Veterans’ Day Hall Welcomes Alumni and Parent Veterans
Roxbury Latin commemorates Veterans’ Day not as a day to close school but as an opportunity to gather in Hall to hear from men and women who have served in the military. SInging hymns and reciting the Pledge of Allegiance, the students also hear again what all but the newest members of the School have heard in previous Veterans’ Day Halls: the story behind the day that marked the end of the war to end all wars, first known as Armistice Day.
This year, our speaker was Ross MacDonald, known here at School for his leadership of Roxbury Latin’s inaugural summer theater production of A Midsummer Night’s Dream. He first acquainted himself with RL last winter as director of the Junior Play, and will continue his art as he interprets and produces this year’s Junior Play, Pirates of Penzance. But on this Veterans’ Day stage, Ross spoke about another part of his life, his tour of duty in Afghanistan in 2007 in service to his own country, Great Britain. “There are strong similarities between the Army and theatre,” Ross said. “As in theatre, in the Army you need good planning, perfect preparation, there is never too much rehearsal, and you need to listen and react to the environment.” One difference—a critical one—between the Army and perhaps every other human organization, he noted, was that even if you really dislike someone in your platoon, you can (and must) trust him with your life. “Whatever happens, you need each other.”
The Headmaster welcomed members of our community present in Thursday’s Hall who have served our country in the armed forces: Ed Ellison, Steve Ward, Mo Richardson ’47, David Keane ’55, Dick Whitney ’57, Dave Marchand ’57, Bob Powers ’66, John Lawler ’75, Luke Day ’86, and Joe Hanrahan ’87. Ray Henderson ’10 came back for the morning from the Coast Guard Academy where he is in his first year.
From the Headmaster’s introduction:
Last Year United States Senator John (“Jack”) Reed from Rhode Island addressed us on Veterans’ Day about the challenges facing all of us at this critical juncture in our history. The year before we heard from a distinguished member of the Class of 1954, Rear Admiral Harold Bernsen, who reminded us that there are some alternatives to war that are worse than war itself—loss of human dignity, loss of freedom—but the avoidance of “wars of choice” (ill advised, ideologically motivated, or simply wrong) is the greatest gift we can give to veterans of the future.… Three years ago we heard from Jeff Adams ’97, a graduate of Annapolis and a Navy helicopter pilot. His testimony reminded us of the fact that the service of veterans, while an essential factor throughout our country’s history, is just as relevant today as the United States wages war in Iraq and Afghanistan and service people make secure our country’s borders on land, sea, and air.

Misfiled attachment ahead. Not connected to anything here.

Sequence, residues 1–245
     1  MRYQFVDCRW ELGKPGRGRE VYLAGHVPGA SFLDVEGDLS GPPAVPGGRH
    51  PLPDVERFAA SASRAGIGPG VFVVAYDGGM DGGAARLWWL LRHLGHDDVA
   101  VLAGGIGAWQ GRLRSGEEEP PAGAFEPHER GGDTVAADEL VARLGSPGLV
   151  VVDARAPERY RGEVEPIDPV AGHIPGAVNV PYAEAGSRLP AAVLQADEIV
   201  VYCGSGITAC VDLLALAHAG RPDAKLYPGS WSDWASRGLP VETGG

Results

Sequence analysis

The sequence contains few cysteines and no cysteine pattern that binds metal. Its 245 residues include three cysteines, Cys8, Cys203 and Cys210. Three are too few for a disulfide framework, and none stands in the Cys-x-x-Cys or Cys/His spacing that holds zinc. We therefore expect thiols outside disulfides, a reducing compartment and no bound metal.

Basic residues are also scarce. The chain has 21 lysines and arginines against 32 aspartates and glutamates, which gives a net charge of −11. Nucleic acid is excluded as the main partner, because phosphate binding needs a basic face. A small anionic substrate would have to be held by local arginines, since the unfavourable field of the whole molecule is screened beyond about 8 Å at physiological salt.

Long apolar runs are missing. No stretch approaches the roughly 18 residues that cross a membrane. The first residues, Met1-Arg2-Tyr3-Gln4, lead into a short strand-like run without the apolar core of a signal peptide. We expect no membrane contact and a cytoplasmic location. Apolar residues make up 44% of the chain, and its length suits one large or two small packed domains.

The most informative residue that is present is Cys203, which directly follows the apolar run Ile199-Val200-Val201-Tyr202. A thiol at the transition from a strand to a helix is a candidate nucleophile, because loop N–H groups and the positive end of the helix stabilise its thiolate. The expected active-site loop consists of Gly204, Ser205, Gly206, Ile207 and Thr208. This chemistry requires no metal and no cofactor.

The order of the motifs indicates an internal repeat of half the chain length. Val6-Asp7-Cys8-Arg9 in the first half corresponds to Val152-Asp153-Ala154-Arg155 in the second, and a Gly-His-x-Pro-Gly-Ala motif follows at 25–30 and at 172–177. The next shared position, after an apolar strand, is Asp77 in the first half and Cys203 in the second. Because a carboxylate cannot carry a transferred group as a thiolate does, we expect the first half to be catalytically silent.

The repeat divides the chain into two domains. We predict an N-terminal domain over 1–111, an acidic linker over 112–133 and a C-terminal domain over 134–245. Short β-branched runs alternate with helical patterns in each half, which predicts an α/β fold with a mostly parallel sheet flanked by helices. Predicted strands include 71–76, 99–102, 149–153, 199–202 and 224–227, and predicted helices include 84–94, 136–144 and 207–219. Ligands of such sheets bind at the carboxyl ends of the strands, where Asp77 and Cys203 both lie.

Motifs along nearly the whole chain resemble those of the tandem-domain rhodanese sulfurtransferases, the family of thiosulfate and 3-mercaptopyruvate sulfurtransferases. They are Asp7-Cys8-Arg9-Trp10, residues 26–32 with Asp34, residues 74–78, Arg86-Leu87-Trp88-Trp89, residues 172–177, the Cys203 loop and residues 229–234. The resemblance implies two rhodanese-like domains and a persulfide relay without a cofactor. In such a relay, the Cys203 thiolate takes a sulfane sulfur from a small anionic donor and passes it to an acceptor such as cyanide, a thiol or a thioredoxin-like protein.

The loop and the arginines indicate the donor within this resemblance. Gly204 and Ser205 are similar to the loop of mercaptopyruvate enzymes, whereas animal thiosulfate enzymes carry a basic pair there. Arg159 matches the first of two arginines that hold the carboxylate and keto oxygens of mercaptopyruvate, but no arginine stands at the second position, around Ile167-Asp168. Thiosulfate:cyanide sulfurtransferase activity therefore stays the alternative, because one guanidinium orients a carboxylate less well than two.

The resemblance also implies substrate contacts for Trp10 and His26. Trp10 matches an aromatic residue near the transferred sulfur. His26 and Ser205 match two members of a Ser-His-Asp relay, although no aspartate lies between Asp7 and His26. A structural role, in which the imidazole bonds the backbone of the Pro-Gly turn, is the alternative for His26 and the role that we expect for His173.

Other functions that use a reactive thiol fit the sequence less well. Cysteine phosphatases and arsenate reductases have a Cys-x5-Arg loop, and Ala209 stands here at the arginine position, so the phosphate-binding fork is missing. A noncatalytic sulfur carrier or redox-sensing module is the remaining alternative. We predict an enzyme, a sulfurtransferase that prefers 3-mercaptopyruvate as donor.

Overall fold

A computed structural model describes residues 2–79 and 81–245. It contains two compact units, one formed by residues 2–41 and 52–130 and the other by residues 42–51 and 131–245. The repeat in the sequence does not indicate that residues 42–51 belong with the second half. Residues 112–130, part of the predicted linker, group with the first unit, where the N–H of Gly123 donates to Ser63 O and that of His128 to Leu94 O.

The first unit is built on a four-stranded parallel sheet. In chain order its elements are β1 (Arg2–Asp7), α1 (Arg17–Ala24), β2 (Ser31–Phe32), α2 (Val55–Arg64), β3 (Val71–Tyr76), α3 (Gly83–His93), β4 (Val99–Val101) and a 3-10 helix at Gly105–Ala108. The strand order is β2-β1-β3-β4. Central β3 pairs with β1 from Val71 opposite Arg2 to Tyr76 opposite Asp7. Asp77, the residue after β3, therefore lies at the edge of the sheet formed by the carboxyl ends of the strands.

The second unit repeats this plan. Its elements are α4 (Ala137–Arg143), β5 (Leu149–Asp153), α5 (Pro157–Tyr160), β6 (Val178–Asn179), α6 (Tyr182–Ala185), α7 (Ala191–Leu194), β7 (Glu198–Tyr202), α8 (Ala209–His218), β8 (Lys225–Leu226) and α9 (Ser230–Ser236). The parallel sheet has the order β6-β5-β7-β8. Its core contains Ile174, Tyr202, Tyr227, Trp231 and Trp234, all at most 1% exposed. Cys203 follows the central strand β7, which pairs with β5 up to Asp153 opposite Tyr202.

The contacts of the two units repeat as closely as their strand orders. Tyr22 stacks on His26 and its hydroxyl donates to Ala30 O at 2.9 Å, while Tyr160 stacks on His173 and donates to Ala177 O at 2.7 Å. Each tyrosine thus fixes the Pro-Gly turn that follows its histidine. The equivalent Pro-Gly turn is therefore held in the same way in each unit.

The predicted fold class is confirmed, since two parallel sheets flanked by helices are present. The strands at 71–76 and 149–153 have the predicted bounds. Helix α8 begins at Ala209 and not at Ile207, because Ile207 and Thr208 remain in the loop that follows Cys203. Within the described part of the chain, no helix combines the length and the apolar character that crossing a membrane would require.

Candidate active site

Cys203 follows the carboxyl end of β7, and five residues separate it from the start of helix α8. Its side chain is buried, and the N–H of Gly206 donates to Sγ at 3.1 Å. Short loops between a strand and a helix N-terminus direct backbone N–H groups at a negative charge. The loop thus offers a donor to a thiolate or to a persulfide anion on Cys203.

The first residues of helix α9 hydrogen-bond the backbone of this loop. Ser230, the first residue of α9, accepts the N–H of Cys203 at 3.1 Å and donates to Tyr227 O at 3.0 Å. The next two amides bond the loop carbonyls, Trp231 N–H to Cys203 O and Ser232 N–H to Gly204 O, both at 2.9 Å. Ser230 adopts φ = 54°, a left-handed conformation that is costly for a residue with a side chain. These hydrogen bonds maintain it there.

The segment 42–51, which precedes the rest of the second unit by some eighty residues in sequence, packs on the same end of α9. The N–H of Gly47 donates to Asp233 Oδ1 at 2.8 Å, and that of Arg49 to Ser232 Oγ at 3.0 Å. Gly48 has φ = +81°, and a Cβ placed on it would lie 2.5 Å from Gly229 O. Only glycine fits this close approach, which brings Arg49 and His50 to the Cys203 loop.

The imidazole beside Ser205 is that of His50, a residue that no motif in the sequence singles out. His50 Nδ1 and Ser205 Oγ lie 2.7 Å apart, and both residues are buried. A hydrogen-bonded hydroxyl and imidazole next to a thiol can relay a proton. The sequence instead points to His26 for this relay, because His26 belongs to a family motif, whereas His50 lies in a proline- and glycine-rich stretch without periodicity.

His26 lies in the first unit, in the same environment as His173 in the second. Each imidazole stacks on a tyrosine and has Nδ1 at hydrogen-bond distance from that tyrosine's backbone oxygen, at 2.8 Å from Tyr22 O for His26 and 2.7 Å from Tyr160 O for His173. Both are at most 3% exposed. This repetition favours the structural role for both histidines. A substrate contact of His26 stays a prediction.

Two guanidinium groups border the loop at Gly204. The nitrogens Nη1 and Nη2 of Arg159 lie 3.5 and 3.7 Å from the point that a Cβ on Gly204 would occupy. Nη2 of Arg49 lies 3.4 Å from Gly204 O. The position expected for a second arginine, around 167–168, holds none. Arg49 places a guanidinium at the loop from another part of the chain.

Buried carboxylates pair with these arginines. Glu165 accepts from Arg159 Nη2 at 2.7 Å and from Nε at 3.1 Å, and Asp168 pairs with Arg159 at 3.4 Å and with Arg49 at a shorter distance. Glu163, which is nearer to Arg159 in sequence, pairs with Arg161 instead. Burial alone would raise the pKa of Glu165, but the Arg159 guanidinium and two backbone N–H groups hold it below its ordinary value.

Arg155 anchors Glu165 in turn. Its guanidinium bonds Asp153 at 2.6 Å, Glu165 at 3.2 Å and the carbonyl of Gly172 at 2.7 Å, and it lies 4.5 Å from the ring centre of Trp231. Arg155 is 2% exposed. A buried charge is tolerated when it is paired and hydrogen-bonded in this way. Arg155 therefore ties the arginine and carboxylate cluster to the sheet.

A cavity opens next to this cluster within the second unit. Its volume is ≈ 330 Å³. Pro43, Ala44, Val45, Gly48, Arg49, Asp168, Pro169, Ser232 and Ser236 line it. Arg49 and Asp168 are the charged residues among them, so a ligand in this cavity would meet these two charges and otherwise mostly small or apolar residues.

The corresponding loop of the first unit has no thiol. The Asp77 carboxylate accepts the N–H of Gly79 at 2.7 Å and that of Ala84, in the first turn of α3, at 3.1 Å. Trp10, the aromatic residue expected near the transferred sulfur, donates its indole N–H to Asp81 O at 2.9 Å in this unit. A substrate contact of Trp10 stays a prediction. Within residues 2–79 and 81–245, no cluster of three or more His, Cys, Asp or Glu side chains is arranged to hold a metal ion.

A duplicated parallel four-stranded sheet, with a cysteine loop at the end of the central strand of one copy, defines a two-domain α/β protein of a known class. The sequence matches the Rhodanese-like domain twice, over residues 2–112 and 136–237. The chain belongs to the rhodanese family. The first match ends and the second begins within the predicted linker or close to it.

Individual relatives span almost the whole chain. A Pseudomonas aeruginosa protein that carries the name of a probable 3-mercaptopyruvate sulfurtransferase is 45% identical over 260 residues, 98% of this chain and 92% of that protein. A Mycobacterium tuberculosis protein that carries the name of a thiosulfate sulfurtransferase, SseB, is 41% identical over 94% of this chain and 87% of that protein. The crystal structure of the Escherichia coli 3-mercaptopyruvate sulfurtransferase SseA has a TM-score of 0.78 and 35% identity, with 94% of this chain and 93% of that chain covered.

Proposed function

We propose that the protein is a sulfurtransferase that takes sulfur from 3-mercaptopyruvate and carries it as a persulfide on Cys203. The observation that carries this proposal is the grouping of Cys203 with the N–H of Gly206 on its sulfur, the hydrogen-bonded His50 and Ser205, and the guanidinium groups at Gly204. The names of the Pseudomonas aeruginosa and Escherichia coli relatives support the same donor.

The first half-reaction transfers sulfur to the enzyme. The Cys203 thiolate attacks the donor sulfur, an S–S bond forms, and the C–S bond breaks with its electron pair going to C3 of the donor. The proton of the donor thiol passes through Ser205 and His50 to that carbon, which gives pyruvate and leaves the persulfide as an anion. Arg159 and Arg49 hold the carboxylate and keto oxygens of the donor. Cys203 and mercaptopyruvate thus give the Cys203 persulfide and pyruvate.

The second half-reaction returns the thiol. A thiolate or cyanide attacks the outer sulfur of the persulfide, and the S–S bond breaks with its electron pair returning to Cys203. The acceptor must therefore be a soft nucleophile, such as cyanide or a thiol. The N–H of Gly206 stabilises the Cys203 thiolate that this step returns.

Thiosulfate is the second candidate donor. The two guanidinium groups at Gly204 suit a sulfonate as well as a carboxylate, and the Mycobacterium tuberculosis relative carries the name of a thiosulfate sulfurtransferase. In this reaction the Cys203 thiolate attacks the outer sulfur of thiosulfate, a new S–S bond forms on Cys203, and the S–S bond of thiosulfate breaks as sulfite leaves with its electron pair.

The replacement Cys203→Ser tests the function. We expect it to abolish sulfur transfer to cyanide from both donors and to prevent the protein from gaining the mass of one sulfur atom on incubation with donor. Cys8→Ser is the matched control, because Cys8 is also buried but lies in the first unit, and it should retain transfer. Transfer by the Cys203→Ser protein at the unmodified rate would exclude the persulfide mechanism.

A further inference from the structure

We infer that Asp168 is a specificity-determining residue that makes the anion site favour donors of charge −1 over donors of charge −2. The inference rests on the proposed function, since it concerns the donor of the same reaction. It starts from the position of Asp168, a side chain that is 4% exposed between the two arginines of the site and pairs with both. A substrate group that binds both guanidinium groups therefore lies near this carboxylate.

It was our founder’s hope that RL would prepare boys for service. William Kennedy ’77, pilot Jeff Adams ’97, Mike Lawrie ’01, Mark and Brent Powers ’02, Dom Pellegrini ’04, Larry Sullivan ’04, James Astrue ’05, and Zach Ciccolo ’05 represent our best hopes as they currently serve our country. Others, like recent RL graduates Stu Corless ’09 at Johns Hopkins and Matt Neelon ’09 at Duke in ROTC programs, and Ray Henderson ’10 at the Coast Guard Academy in New London, anticipate future service. The inclination to serve our country is a natural extension of Eliot’s admonition to serve, as he said, “in Church and Commonwealth."